Ego's Clamshell Notebook, MacBook Praise, Battery Update for 15" AlBook, FlashDiscs, and More
This Week's Mac Notebook News
This Week's MacBook, PowerBook, and iBook News
This week's lead story is the EgoNotebook, a clamshell Windows notebook reminiscent of Apple's 1999 clamshell iBook. There are also several enthusiastic reports on the MacBook Pro - and one trouble spot. It seems most wireless Internet services that don't use 802.11 WiFi require a PC Card, and the MacBook doesn't have a PC Card slot....
Apple released a battery updater for some 15" aluminum 'Books, Jason O'Grady tells how to use a Treo as a Bluetooth modem, and PlasticSmith has an intriguing new laptop stand. And then there's Memorex' FlashDisk USB, a 16 MB flash drive that looks a bit like a small CD.
All prices are in US dollars unless otherwise noted.
General Apple and Mac desktop news is covered in The Mac News Review. iPod news is covered in The iNews Review. News about Apple's transition to Intel CPUs and other Intel developments is covered in The Macintel Report.
News & Opinion
- Clamshell iBook Reincarnated as a Notebook PC?
- MacBook Pro Users Unable to Use Cellular Internet, Some Other Wireless Options
- Power Lifters - Desktop Replacement Laptops
- Mayo Researchers Use iBooks, iPods to Test 'Classroom of the Future'
Looking at the MacBook Pro
- MacBook Pro vs. PowerBook G4 Heat
- Fortune Reviews MacBook Pro and Intel iMac
- From iPod to MacBook Pro: A Switcher's Tale
- Apple's First Intel-driven Laptop: A Taste of Speed
- 1.83 GHz MacBook Pro Reviewed
- A Few Days with the New MacBook Pro
- MacBook Pro a Fast Laptop
Tech Tips and Info
- Battery Update for 15" Aluminum PowerBooks
- Calibrating Your 'Book's Battery for Best Performance
- Using a Treo as a Bluetooth Modem with a MacBook Pro
Products and Services
- FastMac Driverless SuperDrive Upgrades
- PlasticSmith Lapvantage Loft Ergonomic Laptop Stand
- Slappa Velocity Pro Spyder Laptop Backpack
- Memorex FlashDiscs USB Flash Media
News & Opinion
Do these pictures remind you of anything? To my eyes, they certainly bear a more than passing resemblance to Apple's publicity photos of the original clamshell iBook back in 1999 (iBook SE shown at left).
The Dutch PC-maker Ego Lifestyle B.V. introduced its new Lifestyle Notebook at the CeBIT trade exhibition in Hanover, Germany last week. Ego is claimed to have a more clever, innovative, and elegant design than the run of the mill notebooks, with its round forms and colorful case skins - the first luxury lifestyle computer for men and women with a cosmopolitan lifestyle. But Apple was there design-wise nearly seven years ago.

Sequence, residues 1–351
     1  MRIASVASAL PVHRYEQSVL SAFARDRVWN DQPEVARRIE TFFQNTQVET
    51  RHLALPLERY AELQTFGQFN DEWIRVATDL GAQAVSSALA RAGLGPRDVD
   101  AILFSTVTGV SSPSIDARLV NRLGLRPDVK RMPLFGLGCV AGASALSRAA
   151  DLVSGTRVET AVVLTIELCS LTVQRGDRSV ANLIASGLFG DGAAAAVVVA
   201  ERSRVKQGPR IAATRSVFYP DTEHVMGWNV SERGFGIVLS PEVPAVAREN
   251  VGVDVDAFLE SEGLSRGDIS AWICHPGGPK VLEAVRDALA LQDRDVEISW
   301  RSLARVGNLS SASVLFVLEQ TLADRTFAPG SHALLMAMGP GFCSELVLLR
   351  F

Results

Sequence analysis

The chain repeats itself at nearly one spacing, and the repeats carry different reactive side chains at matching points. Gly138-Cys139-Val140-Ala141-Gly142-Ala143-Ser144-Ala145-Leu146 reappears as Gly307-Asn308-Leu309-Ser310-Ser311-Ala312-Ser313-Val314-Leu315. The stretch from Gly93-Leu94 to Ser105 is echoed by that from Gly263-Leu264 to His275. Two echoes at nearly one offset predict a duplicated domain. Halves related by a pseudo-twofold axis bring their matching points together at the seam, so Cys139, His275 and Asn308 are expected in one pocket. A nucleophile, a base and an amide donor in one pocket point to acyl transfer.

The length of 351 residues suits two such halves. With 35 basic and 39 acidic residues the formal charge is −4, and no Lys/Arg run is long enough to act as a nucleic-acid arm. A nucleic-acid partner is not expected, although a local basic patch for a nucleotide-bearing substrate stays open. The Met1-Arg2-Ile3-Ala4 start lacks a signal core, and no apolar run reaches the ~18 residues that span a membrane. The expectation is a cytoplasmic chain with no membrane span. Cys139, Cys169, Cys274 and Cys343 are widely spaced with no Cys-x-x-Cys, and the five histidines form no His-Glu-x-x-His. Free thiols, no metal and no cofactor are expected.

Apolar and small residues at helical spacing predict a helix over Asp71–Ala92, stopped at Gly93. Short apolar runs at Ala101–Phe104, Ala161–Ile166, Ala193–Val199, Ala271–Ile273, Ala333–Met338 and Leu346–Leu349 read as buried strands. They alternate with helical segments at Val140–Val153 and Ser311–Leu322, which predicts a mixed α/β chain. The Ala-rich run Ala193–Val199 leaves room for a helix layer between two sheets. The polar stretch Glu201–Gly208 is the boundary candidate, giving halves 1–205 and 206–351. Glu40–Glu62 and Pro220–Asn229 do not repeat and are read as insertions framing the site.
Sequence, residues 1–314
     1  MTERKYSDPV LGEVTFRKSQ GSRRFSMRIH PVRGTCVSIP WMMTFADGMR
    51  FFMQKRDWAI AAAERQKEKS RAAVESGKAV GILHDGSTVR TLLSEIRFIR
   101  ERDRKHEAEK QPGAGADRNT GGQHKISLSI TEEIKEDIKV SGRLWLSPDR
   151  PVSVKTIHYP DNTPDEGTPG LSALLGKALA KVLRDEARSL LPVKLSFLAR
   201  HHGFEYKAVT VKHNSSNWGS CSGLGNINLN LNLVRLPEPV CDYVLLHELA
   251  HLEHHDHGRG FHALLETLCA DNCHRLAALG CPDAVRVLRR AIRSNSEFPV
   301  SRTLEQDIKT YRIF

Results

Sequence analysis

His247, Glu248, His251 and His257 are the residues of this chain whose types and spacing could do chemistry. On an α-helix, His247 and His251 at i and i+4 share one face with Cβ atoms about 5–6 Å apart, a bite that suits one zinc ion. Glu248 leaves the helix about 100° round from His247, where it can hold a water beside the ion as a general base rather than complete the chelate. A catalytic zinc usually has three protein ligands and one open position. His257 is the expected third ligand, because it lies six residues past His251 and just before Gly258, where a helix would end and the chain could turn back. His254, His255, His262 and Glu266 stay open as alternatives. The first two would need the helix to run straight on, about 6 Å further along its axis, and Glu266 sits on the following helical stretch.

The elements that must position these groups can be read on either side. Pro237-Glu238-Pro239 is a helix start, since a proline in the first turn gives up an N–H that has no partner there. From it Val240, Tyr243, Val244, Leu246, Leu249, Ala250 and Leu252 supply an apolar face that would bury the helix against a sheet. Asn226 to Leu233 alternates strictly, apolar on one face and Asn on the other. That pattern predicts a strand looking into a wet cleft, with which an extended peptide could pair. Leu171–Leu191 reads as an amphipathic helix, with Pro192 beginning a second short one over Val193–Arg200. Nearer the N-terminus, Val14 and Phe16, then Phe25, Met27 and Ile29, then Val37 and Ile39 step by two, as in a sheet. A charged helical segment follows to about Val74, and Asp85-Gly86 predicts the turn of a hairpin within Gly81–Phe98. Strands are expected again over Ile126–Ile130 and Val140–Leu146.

Of course, the EgoNotebook is a much more powerful and high-end laptop than the old clamshell iBook ever was - with all usual laptop functions and some surprising extra. It's a portable DVD player and a PDA, and it's supplied standard with an additional set of exchangeable skin coverings in the categories Classics, Specials and Trends made of materials including leather, and a bass reflex audio system with built-in subwoofer and four speakers behind the screen.
Other EgoNotebook features include an integrated camera with mirror function, antivirus software (with one year free of charge updates), speech recognition software, digital television receiver (optional), and access to Microsoft Media center over the Direct ACCESS key with which the EgoNotebook can be used like a PDA also without Windows by virtue of an embedded Linux system, among other things.
The Ego Lifestyle Notebook can be operated as portable DVD/CD player for seven hours without recharge and incorporates Phoenix Recovery Pro technology for an extremely safe backup function that stores user data on a dedicated portion of the hard drive so that will always be available even if the system needs to be reinstalled. (No help, of course, if the hard drive crashes.)
The EgoNotebook is comfortable to carry thanks to its integrated design handle (also used by Apple with the original iBook) and modest weight (2.6 kg with battery) thanks to the use of sophisticated materials like titanium.
Inside is an AMD Turion 64-bit CPU with 1 GB of memory, an 80 GB hard drive, a DVD±RW optical drive, plus WiFi and Bluetooth wireless interfaces. The EgoNotebook will sell for about the equivalent of $3,975.